nant pro-adipogenic roles, no data exists on the contributions of
cell–cell variability between SRC-2, SRC-3, and PPAR that
collectively and/or redundantly promote human adipogenesis.
Accordingly, the purpose of this study was to focus upon SRC-2
and SRC-3 and dissect the early interplay between these co-
activators and PPAR that converts a human preadipocyte into a
mature fat cell. Here, we developed and used a high-throughput
microscopy-based, high-content analysis (HCA) approach to
quantify the effects of SRC loss of function on the cell-to-cell
population dynamics of PPAR. Our results emphasize the
novel regulatory role of steady-state levels of SRC-2 and SRC-3
in human adipogenesis, specically by promoting lipid accu-
mulation under both high and low PPAR phenotypes marked
by attenuation of PPAR phosphorylation at S114.
Human adipocyte differentiation occurs
independently of static SRC mRNA proﬁles
SRCs have been shown to be critical elements of the murine
adipogenic gene program (Picard et al., 2002; Louet et al., 2006;
SRCs (Shao et al., 1998), resulting in a potential negative
cooperative effect on PPAR-regulated, adipocentric genes.
The p160 family of SRCs (SRC-1, SRC-2, and SRC-3) de-
ned the rst class of coregulators (CoR) that enhance nuclear
receptor transactivation in a ligand-dependent manner, bridging
NRs to other components of the basal transcriptional machinery
and integrating both genomic and nongenomic signals (Oñate
et al., 1995; Anzick et al., 1997; Hong et al., 1997). Depending
on the ligand context, biochemical assays have shown that each
of the SRCs potentiate the transcriptional activity of PPAR
through direct interactions (McInerney et al., 1998; Kodera
et al., 2000; Rocchi et al., 2001; Louet et al., 2006). However,
SRC-2 and SRC-3 share the highest degree of sequence ho-
mology and promote adipogenesis in knockout mouse models.
SRC-2/ mice are protected from obesity because of enhanced
energy expenditure, decreased white adipocyte differentiation,
and increased thermogenic activity of brown adipose (Picard
et al., 2002). SRC-3 ablation leads to lean mice with increased
energy expenditure and decreased adipogenesis (Louet et al.,
2006; Coste et al., 2008). However, upon high-fat diet feed-
ing, SRC-1/ knockout mice are slightly prone to obesity be-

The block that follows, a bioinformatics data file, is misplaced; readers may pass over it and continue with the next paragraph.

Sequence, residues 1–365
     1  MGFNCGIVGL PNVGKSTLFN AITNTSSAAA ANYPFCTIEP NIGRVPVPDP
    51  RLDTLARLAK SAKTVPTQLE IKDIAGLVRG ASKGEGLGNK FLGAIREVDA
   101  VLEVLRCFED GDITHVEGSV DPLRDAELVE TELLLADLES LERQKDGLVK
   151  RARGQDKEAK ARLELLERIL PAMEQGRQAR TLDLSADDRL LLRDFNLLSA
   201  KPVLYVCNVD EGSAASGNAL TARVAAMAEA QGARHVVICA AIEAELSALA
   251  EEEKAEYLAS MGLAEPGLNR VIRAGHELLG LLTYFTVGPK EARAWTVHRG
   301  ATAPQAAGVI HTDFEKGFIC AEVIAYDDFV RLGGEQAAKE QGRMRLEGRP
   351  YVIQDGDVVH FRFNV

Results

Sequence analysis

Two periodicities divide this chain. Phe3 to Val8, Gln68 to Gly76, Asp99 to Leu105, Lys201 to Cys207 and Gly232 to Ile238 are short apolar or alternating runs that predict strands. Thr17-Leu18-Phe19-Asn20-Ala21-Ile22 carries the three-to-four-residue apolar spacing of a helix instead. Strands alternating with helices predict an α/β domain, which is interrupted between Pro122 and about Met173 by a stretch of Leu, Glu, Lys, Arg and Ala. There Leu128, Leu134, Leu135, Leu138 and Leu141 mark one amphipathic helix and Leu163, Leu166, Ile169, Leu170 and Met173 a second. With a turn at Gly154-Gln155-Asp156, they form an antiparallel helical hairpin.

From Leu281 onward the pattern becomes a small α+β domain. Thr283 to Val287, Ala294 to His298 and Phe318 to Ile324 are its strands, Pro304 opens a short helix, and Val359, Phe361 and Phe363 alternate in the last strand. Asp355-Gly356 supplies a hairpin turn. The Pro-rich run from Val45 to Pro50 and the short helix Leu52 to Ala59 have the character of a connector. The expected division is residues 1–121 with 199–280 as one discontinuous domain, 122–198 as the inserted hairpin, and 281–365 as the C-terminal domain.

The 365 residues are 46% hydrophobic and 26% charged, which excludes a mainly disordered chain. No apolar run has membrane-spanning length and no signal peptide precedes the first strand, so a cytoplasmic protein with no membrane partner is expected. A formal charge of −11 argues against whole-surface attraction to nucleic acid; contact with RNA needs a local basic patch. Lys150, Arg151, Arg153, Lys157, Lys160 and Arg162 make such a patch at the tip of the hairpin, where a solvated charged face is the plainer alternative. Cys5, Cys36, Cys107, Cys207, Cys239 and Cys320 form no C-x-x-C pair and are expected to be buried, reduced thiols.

cause of both a reduced capacity for fatty acid oxidation and
decreased energy expenditure (Picard et al., 2002). Moreover,
double knockout of SRC-1 and SRC-3 results in a lean pheno-
type and increased metabolic rate (Wang et al., 2006), similar
Figure 1. Expression of SRC-2, SRC-3, PPAR, and adipocentric genes during human adipocyte differentiation. Subcutaneous human preadipocytes were
differentiated for 4 d, and total mRNA was isolated at each indicated interval. The mRNA levels of SRC-1, SRC-2, and SRC-3 (A); and PPAR2, C/EBP,
SREBP1c, ADFP, and FASN (B) were determined by qPCR. -actin served as an internal control. RNA was collected from at least two independent isolations
and error bars represent SEM. Asterisks indicate levels of induction statistically different from 0 h (P < 0.05).
57p160 coactivators promote adipocyte heterogeneity • Hartig et al.
After 7 d, 88.1% of cells were positive for lipids, which sug-
gests that the preadipocyte cell population responds robustly
to chemical induction of adipogenesis in a unidirectional man-
ner (Fig. S1 A). Consistent with the qPCR results (Fig. 1 A),
SRC-1 was signicantly increased (50%), whereas modest,
statistically insignicant changes in SRC-2 (15%) and SRC-3
(22%) were detected. Using additional software with built-in
lipid droplet analysis tools (McDonough et al., 2009), we
detected increases in the number of lipid droplets/nuclei
(+250%; Fig. 2 D), total lipid droplet area (+120%; Fig. 2 E),
and lipid content/cell (12-fold induction; Fig. 2 F). Dose
response experiments using rosiglitazone (BRL49653) or a
natural PPAR ligand (15-deoxy-12,14-prostaglandin J2;
15dPGJ2) showed that both ligands increase lipogenesis
(Fig. S1 B), PPAR (Fig. S1 C), and SRC-1 levels (Fig. S1 D).
Increasing concentrations of 15dPGJ2 and BRL49653 did not
signicantly alter the protein expression of SRC-2 (Fig. S1 E)
and SRC-3 (Fig. S1 F).
Cell-to-cell measurements of lipids as a
function of PPAR represent population
heterogeneity during human adipogenesis
At the population level, the time-dependent induction of
PPAR was positively correlated with the accumulation of
lipids, which is consistent with previously established deter-
ministic paradigms of PPAR-mediated adipogenesis (Rosen
et al., 1999). However, when the differentiating fraction of
preadipocytes was quantitatively examined at the single cell
level, a large degree of population heterogeneity was observed,
which is in agreement with recent studies on the 3T3L1 dif-